Is every (second-countable) topological manifold completely metrizable?

It is known that every smooth manifold possess a complete Riemannian metric, hence in particular it is completely metrizable, however there are non smoothable manifolds.



The proof I know is a little roundabout. Let $M$ be your manifold. It is locally compact and Hausdorff, so it has a one-point compactification $M^*$ which is compact Hausdorff. Now $M^*$ is again second countable (see One point compactification is second contable), and (locally) compact Hausdorff spaces are regular, so by the Urysohn metrization theorem, $M^*$ is metrizable with some metric $d^*$. Since $M^*$ is compact, then $(M^*, d^*)$ is of course complete. Now $M$ is an open subset of $M^*$, and every open (or even $G_\delta$) subset of a complete metric space is completely metrizable (with a different metric). See Theorem 1.2 of this note for a proof; it's also in Kechris's Classical Descriptive Set Theory and probably many other standard texts.

In fact, unless I am mistaken, we just showed any locally compact Hausdorff second countable space is completely metrizable.

If there is a more direct proof, I would be interested to see it!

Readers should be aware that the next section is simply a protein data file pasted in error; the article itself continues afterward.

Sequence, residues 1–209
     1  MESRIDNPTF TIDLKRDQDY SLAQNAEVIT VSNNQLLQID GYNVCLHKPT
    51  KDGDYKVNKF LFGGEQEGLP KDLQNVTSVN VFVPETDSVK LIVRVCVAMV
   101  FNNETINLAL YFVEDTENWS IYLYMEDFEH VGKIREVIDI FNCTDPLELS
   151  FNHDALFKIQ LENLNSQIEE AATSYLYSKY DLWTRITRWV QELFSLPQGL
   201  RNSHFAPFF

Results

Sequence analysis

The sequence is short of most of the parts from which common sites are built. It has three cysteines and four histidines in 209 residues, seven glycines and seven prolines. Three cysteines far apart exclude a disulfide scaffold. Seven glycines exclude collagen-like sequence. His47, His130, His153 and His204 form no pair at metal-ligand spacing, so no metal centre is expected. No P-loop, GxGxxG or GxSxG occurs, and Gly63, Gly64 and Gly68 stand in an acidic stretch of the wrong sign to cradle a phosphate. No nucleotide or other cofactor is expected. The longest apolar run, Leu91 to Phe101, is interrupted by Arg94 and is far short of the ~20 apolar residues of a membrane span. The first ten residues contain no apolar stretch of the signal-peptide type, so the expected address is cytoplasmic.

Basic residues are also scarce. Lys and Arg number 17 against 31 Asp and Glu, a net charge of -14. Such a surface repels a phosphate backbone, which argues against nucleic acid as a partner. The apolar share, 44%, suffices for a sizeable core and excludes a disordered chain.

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    $\begingroup$ A more direct proof might show that every manifold has a proper embedding into Euclidean space. For $n \neq 4$-manifolds, every topological manifold has a handlebody structure, so you should be able to use this to construct a proper embedding by hand. Or one could use dimension theory to show that $M^*$ embeds into a Euclidean space, then enbed it into $S^N$ such that $\infty$ maps to $\infty$; then this gives a proper embedding into $\Bbb R^N$. $\endgroup$ – user98602 Aug 5 '15 at 16:43
  • $\begingroup$ @MikeMiller: This question is relevant - it seems that this is possible but difficult. It also only solves part of the question - not every subset of $\mathbb{R}^n$ is completely metrizable, so we would have to verify that the image of the embedding is $G_\delta$ and then apply the result I mention above. $\endgroup$ – Nate Eldredge Aug 10 '15 at 18:17
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    $\begingroup$ I was suggesting a closed embedding. If you can embed the one-point compactification into $S^n$ with the point at infinity mapping to $\infty$, then this restricts to a closed embedding of the manifold into $\Bbb R^n$.. Then the restriction of the Euclidean metric provides a complete metric. $\endgroup$ – user98602 Aug 10 '15 at 18:19
  • $\begingroup$ @MikeMiller: Hmm. Is it a problem that the one-point compactification of a topological manifold need not be a topological manifold? Or is this covered by the "dimension theory" argument (I don't know much about dimension theory)? $\endgroup$ – Nate Eldredge Aug 10 '15 at 18:26
  • $\begingroup$ I have no idea! I, too, am a dimension theory ignoramus. Probably it will work? $\endgroup$ – user98602 Aug 10 '15 at 18:29

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